bloodsorrel1I trotted on down to the Farmers’ Market like a good little French housewife last Sunday morning in search of petite bebe turnips and carrots destined for JOOOLIA’s Navarin Printanier that I was making that evening. Clearly, the market is the place to be. Not only did I manage to find the profligate baby vegetables I needed, I also bumped into a good percentage of my address book out hunting for ramps and other early spring goodies.

Joe, a regular denizen of the market, had cased the joint far more thoroughly than I and was all set to throw down our latest challenge to the tune of blood sorrel. Naturally game, I accepted and found myself holding a bag of slightly alien-looking red-veined leaves. Though their appearance suggests small, delicate beet greens, their stridently acidic flavor identifies them very much as sorrel. This lemony bite is due to oaxalic acid–poisonous in large quantities, but harmless in small amounts. Fortunately, I only had about 10 oz of the stuff, so I felt fairly confident that I’d not be able to kill anyone with it.

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FMC Kale: When Joe Gives You Kale, Make Ribollita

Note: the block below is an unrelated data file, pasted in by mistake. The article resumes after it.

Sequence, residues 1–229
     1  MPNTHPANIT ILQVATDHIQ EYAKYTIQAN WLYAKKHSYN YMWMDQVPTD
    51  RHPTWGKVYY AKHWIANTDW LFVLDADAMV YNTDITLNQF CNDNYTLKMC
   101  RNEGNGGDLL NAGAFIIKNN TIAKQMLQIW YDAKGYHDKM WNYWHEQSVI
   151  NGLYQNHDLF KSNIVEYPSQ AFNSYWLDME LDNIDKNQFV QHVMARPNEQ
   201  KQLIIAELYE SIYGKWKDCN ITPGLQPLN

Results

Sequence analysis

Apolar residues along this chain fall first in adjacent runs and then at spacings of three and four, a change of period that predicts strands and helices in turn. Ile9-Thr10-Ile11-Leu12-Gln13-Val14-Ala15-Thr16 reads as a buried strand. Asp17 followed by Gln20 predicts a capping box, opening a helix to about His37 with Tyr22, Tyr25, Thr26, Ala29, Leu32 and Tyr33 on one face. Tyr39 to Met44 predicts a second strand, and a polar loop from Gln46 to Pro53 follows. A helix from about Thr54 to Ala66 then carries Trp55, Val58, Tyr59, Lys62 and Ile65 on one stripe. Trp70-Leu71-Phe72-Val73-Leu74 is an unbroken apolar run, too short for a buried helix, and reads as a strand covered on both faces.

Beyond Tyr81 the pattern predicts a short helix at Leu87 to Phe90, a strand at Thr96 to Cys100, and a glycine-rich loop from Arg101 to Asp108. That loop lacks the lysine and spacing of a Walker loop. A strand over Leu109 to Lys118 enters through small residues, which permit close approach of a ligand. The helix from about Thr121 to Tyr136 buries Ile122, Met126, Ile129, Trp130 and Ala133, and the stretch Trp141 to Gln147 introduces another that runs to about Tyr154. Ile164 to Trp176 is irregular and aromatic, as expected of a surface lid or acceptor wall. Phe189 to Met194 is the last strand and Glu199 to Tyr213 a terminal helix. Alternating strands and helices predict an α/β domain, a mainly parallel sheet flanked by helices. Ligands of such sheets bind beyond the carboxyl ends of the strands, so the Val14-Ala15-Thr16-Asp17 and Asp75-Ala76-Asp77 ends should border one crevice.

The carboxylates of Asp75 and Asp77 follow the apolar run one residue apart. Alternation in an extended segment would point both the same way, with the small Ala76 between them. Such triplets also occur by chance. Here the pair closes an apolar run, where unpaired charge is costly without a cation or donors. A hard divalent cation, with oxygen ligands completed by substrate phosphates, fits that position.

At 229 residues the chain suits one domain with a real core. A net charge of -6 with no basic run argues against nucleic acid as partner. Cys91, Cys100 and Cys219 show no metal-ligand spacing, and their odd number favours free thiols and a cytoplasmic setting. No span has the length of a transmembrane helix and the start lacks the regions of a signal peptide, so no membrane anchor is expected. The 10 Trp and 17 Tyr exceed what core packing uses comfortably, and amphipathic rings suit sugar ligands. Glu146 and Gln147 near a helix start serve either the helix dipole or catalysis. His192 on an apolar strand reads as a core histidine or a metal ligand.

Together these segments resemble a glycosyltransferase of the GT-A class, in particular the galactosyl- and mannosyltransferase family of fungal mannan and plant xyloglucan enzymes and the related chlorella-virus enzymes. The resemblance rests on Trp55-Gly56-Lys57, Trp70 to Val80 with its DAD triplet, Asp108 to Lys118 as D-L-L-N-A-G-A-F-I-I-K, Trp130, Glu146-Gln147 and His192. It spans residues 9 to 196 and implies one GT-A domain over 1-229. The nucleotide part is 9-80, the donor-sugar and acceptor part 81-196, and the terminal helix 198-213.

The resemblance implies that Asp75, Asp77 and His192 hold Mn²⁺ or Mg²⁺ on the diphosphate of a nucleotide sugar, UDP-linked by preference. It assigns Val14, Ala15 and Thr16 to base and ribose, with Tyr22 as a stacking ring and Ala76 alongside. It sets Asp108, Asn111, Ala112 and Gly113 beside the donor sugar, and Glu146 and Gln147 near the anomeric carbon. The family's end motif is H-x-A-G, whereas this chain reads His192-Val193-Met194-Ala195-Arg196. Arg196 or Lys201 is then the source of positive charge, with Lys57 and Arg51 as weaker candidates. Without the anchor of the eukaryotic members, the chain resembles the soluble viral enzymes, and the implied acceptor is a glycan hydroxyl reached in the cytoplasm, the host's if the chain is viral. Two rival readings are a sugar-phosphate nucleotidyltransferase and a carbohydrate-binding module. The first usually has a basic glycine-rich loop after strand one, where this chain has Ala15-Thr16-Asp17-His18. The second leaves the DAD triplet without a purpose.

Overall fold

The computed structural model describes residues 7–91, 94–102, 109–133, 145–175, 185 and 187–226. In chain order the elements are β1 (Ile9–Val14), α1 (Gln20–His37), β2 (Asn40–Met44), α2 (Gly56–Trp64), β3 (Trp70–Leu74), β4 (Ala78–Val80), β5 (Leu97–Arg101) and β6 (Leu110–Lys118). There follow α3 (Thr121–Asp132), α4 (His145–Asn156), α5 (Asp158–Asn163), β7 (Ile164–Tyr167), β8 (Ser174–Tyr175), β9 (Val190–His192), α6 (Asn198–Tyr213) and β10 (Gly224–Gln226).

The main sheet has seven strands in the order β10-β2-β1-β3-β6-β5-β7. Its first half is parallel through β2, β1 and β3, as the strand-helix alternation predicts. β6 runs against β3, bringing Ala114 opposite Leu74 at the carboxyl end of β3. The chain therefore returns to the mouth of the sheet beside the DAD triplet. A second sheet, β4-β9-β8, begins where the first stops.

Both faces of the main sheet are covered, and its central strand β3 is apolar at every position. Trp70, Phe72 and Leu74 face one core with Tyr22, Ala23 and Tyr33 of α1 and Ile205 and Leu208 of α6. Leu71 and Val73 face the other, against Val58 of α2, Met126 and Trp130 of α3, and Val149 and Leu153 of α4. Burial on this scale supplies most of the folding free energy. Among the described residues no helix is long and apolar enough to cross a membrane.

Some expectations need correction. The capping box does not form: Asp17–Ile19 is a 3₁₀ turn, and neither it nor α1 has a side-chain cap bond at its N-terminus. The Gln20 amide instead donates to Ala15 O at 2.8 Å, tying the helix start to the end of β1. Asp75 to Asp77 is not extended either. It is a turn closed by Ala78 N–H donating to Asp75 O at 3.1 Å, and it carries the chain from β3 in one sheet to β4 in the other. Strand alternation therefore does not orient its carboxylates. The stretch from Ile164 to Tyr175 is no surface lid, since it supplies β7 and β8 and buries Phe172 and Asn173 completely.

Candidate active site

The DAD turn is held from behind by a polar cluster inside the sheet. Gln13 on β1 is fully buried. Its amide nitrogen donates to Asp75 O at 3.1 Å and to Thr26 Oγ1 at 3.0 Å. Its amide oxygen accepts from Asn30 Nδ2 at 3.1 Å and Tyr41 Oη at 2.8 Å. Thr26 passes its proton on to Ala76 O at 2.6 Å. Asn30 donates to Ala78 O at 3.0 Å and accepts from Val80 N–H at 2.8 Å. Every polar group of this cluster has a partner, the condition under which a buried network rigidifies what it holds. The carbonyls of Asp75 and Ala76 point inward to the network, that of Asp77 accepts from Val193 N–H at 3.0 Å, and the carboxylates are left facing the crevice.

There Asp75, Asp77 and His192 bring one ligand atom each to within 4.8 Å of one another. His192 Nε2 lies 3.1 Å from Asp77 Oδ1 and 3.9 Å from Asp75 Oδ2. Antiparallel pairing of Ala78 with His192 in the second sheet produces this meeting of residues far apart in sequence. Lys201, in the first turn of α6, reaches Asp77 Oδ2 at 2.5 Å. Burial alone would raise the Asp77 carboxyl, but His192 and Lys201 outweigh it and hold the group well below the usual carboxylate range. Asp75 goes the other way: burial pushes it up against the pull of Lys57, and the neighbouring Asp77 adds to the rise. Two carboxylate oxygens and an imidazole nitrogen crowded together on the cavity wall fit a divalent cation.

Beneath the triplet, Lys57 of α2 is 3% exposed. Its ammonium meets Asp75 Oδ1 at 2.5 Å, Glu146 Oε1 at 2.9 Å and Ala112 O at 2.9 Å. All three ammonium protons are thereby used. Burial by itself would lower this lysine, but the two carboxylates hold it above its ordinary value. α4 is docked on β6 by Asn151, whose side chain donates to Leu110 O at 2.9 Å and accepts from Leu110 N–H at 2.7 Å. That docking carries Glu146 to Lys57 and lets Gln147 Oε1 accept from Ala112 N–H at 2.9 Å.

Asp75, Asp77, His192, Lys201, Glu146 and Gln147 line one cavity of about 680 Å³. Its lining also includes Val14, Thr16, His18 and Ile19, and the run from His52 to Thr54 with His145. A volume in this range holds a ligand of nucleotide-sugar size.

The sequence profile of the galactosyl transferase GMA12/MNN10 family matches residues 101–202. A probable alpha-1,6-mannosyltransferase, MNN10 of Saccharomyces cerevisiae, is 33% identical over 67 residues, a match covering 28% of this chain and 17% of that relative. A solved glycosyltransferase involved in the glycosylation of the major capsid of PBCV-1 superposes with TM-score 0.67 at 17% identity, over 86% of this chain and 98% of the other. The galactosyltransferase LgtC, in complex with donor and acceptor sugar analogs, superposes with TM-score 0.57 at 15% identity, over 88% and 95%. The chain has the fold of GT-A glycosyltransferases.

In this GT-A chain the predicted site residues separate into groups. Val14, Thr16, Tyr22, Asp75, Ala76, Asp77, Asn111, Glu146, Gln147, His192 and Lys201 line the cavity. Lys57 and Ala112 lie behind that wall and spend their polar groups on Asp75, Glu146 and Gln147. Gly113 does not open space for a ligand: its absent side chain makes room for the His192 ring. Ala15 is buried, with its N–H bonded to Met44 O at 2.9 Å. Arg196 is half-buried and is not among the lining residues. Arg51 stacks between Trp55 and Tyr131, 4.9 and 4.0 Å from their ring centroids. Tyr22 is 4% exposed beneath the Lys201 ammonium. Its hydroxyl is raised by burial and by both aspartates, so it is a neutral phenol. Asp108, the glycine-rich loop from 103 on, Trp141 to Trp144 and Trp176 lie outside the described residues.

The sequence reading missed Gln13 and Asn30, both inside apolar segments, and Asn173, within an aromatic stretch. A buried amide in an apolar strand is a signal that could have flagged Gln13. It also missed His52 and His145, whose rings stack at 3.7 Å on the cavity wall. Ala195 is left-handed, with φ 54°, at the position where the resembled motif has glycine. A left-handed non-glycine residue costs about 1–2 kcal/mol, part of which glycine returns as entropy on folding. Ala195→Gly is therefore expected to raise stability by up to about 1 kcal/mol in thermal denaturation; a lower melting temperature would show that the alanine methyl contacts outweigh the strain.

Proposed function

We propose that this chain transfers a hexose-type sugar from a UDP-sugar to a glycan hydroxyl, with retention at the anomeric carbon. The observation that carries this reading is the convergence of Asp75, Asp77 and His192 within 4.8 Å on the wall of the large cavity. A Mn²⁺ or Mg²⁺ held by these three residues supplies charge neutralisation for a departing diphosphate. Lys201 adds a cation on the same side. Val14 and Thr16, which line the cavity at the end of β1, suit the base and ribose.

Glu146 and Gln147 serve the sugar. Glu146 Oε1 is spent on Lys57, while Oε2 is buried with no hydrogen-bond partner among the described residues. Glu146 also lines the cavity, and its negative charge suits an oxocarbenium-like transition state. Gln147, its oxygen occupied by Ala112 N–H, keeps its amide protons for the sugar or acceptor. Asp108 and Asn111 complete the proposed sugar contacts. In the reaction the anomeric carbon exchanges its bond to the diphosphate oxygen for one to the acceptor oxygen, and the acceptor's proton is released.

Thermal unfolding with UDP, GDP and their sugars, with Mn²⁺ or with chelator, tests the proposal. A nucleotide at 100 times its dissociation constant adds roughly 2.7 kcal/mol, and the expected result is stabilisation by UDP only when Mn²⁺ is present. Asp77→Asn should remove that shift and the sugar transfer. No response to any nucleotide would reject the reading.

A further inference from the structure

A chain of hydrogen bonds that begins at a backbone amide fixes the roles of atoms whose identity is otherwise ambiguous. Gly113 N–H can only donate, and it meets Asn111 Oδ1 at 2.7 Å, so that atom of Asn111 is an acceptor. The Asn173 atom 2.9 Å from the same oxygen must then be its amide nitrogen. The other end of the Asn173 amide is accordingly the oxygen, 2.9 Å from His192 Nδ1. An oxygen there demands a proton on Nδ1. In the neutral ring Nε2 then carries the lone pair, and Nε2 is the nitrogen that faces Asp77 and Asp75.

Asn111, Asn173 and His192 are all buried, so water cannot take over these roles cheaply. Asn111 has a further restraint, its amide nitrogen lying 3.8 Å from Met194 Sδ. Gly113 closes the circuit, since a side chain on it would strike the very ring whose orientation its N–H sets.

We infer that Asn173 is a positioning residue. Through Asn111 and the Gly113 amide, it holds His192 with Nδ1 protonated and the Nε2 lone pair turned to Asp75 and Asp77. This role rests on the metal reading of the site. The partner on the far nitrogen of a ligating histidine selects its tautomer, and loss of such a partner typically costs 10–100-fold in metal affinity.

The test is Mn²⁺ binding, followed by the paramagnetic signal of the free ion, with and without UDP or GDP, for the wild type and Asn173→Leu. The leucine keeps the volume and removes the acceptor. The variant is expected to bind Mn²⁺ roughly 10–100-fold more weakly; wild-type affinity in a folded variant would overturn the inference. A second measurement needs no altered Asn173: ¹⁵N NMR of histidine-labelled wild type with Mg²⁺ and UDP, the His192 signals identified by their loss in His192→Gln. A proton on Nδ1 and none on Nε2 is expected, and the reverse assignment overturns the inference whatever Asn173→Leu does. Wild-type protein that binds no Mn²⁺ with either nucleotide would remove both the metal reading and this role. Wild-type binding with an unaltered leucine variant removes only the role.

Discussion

Knowing that Lacinato kale is one of Joe’s very favorite green things ever–having heard him bang on about it incessantly and having been served it in several lovely meals at his table–I kind of thought he’d go and do something unexpected with it. Turns out I was right.

How fortunate, then, that I also cooked against type, embracing kale’s humble Tuscan roots and making that cornerstone of Italy’s cucina povera, ribollita. I’d recently been served a version of it at a local Italian restaurant that shall remain nameless, primarily because the soup was thin, wan, and the beans were crunchy. CRUNCHY. Also,  tragic. Ribollita is SUPPOSED to be a lush, thick mix of beans, old bread, kale, etc.

Getting into the spirit of the thing, I pretty much winged it based on what was at hand–i.e., at home or at the market on the way home–rather than finding an ur-recipe from some scion of Italian cuisine… Marcella, Lidia, and all those other grande dames (or the Italian equivalent) will have to wait for another day.

In any event! According to Wikipedia, that inscrutable arbiter of all internet knowledge, the only things a ribollita HAS to have are: beans, kale, and old bread. No problem! Thus, for my first batch I went with a mild bacon rather than pancetta but I did manage to unearth a Parmesan rind from the bowels of the refrigerator, because I am nothing if not a thrifty European housewife. I mean, REALLY.

In subsequent forays, however, I’ve swapped in nubbins of spicy Spanish chorizo (cured, not fresh–that’d be Mexican chorizo…) and I’ve not looked back. With more flavor, (slightly) less grease, and a much more appealing texture when cooked, the chorizo wins hands down.

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Farmers’ Market Challenge: Dance of the Seven Kales